It’s time to get to grips with the General Data Protection Regulation

Canon EXPO 2015

Digital printing and data have always been a good fit. When the first digital presses appeared in the 1990s, the potential of using data to drive personalised print was a major benefit — the fabled “print run of one.”

Now such personalisation is at the heart of transactional and direct mail (TDM) printing, a growth sector that has evolved far beyond simple digital overprinting of names and addresses onto pre-printed templates. Today TDM companies are more likely to have ‘white paper’ workflows, which means printing an entire document — including graphics, billing data and personalised incentives — onto rolls or pallets of blank paper.

Some are taking things further, providing clients with data management and analysis. Amid all the talk of ‘Big Data’, it’s a logical step. IBM estimates that we create 2.5 quintillion bytes of data every day, and many businesses are simply overwhelmed by the sheer volume of data they have about their customers. They need help with such fundamentals as deciding not only which data is useful, but also which of the many communications channels at their disposal are most effective.

For PSPs constantly on the lookout for new, high-margin revenue streams, there are undoubtedly opportunities in taking responsibility for clients’ data. And you don’t have to be a large company to test the water in the TDM business, because a variety of variable data and data analysis tools are available. First, however, there’s another acronym you should be aware of — GDPR.

It stands for the General Data Protection Regulation, it’s a major item of European Union legislation, and it’s coming soon. It’s needed because the legislation governing this area dates from 1995, and a lot has changed in 20 years. In particular, developments such as hybrid cloud computing and social networks have had a huge impact on data storage and processing. Hence the pressing need to align data protection rules throughout the EU.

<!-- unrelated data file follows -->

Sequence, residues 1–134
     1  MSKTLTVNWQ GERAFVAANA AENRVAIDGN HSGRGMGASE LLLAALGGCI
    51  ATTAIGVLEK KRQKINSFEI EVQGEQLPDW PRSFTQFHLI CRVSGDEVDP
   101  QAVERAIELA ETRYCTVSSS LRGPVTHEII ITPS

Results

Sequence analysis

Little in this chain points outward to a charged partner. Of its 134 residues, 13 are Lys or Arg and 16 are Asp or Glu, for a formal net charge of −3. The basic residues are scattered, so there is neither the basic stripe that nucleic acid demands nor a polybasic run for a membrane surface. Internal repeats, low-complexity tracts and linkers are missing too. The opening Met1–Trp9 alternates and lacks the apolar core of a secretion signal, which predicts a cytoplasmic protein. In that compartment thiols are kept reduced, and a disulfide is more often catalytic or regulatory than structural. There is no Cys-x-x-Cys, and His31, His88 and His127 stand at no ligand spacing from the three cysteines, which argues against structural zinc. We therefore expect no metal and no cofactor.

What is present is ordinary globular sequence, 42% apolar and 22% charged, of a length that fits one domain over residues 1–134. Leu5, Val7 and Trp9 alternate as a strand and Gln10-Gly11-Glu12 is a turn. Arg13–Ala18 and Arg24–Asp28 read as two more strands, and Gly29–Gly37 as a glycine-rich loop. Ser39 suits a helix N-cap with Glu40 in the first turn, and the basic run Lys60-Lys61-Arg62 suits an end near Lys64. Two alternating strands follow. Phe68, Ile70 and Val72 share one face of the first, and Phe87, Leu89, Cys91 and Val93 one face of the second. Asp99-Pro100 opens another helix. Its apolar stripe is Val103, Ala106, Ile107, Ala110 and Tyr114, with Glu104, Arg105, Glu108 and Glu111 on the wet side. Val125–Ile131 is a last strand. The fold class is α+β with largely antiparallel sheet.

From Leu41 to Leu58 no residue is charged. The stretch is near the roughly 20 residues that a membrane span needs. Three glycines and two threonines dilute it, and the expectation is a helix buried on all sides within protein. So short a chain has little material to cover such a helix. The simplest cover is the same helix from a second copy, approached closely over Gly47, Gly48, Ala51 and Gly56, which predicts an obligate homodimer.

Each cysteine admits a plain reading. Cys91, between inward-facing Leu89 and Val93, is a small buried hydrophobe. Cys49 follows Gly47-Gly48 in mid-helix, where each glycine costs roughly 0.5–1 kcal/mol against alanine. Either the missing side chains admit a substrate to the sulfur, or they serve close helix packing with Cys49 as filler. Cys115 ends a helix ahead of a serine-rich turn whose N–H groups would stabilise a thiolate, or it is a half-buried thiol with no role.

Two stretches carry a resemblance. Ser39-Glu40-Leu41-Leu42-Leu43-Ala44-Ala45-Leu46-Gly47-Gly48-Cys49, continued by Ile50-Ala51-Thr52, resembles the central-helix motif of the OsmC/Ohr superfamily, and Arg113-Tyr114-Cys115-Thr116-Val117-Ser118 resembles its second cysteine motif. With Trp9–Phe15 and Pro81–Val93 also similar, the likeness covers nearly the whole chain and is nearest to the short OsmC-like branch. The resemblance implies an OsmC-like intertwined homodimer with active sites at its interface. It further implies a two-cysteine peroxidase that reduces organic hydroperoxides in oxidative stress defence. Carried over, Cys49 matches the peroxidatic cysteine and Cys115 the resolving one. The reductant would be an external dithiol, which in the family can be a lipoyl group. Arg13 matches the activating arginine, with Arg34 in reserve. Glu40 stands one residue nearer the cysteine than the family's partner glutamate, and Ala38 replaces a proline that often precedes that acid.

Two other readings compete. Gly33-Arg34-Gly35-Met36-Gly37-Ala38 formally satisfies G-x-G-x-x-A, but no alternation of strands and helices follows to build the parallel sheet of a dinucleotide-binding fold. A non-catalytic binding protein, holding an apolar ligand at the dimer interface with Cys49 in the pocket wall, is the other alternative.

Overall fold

The GDPR will apply across all 28 EU member states and affect any business or organisation that gathers, stores or processes personal data about anyone’s private, professional or public life. And by ‘personal data’, we’re talking about anything from someone’s name and photo, through their social media posts, to their bank details. The costs of failing to comply have not yet been finalised, but they are likely to be severe; fines of up to €100 million or 5% of turnover have been mooted.

When will all this happen? The EU is expected to adopt the GDPR in May 2016, after which there will be a two-year transition before it comes into full force in 2018. As a regulation — not a directive — there will be no need for changes to national legislation and it will apply directly to every member state.

If you haven’t heard of the GDPR, don’t feel bad, because you’re far from alone. Recently file transfer specialist Ipswitch discovered that 52% of European IT professionals weren’t prepared for it. For PSPs working with data it’s concerning, because that 52% may include your clients.

So what can you do to prepare? The first thing is, find out all you can about the directive. A good starting place is the data protection authority for your country. Next, nominate someone in the company to oversee compliance, because it’s likely the GDPR will mandate organisations appoint a Data Protection Officer (DPO). In most cases the DPO can be an existing staff member with the right expertise; in larger organisations it could be a full-time role.

Their first job will be finding out how the GDPR applies to you, so that you can plan for compliance. Early on, check over your contracts with clients so that you know who is responsible for what, and be prepared to renegotiate. You should also be ready for greater scrutiny in the future, not just from national data protection authorities but from clients too, because when they get to grips with the GDPR they will want total confidence in whoever is handling their customers’ data. This will mean having sufficient data security measures in place, plus an up-to-date disaster recovery plan. You will also have to demonstrate that the business is financially secure.

Finally, don’t wait for clients to contact you. Being proactive will go a long way towards reassuring them and helping you win a share of the important TDM market.

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